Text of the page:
You read that right: paste. See, if you're like most people, you don't love to eat pasta plain; it's just bland. What you probably really enjoy is the flavor of the sauce, olive oil, or gobs of salted butter that it's tossed in. So, instead of paste-a, get yourself a big bowl of steamed vegetables and a side bowl of sauce with a spoon, Muhlstein suggests. You can create your own fantasy dish that's mostly veggies.


Bagel with cream cheese

Equals About 3 1/2 Slices of Bread

If you're thinking, ugh, another quarantine day, I deserve a bagel, think about this: "[Keep in mind that it's actually] three to five slices of bread depending on the size, and it'll be a lot harder to eat that bagel," says Muhlstein. "You have to realize that when you wake up and have a breakfast of carbs, that sets you up for eating more and more carbs the whole day."

Having protein in the morning, by contrast, keeps cravings at bay. Researchers from the University of Missouri used MRI scans to compare the brain activity of people who ate a high-protein breakfast to those who either skipped breakfast or ate breakfasts of more carbs and moderate protein. The researchers scanned the participants' brains right before lunch and found that those who ate the high-protein breakfast experienced less brain activity in regions that control food motivation or hunger than those who ate carb-rich cereal for breakfast.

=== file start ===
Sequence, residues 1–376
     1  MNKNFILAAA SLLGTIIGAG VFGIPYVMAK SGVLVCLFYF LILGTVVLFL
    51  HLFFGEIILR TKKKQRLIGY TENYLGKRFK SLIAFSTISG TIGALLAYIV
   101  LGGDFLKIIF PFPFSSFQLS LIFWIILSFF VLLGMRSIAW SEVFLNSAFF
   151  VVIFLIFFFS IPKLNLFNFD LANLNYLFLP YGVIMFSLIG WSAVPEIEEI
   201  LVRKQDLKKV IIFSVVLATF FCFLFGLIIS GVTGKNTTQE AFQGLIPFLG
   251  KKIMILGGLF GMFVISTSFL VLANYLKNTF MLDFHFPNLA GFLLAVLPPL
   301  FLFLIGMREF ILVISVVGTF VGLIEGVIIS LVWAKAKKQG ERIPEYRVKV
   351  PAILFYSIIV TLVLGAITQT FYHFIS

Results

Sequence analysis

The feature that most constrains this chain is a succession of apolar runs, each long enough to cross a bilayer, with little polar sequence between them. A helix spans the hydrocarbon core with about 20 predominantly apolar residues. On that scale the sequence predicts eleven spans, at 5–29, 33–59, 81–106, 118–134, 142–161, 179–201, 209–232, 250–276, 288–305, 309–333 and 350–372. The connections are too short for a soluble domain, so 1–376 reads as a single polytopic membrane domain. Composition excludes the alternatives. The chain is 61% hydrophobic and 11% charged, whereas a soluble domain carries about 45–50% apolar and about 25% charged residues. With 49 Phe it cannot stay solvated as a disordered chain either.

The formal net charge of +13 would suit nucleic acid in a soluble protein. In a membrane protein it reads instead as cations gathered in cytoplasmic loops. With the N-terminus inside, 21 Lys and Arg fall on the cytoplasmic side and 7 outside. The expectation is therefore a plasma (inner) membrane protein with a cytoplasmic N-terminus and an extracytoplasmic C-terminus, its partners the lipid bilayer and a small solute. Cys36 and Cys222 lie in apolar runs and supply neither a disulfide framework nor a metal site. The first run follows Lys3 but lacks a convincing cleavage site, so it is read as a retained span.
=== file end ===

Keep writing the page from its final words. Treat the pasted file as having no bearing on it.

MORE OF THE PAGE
Some true food for thought!


cornmeal pancakes

Equals Cake/Donut/Deep-Fried Dough

It is what it is. If you can think of these foods as what they really are, you can make a point to savor one of them specifically, and not all things with dough.

"I have a friend who is 'naturally thin' and loves donuts. (I know. Annoying, right?) But she's very picky about how fresh, hot, and amazing a donut has to be [in order] to be worth it," says Muhlstein. Although donuts are her favorite treat, she is prewired to push off the subpar donuts, so she only ends up eating three or four really amazing donuts a year.


cooked quinoa

Equals Rice, Just with a Little More Protein

Don't be fooled by this trendy grain. Sure, it has more protein than rice, but some people take that to mean it's healthy to eat a whole bowl of quinoa. Sorry, but you're getting a lot of calories and carbs for a relatively small hit of protein. And the same goes for avocado.

"When you mash [an] avocado and put it on toast, you'll end up consuming a lot more avocado than if you sliced it," says Muhlstein. Remember, while avo is a healthy fat, it's high in calories. So just remember to practice portion control!

Discover exactly how Ilana Muhlstein lost 100 pounds and kept it off in You Can Drop It!


Door handle open to toilet can see toilet

Equals Liquid Bread

"I tell a lot of my guy clients, your beer is your bun when you have a hamburger," says Muhlstein. "It makes it a lot easier for them to eat a burger without a bun when they know it's equal to a beer they can have with it."

Jeff Csatari
Jeff Csatari, a contributing writer for Eat This, Not That!, is responsible for editing Galvanized Media books and magazines and for advising journalism students through the Zinczenko New Media Center at Moravian University in Bethlehem, PA. Read more about Jeff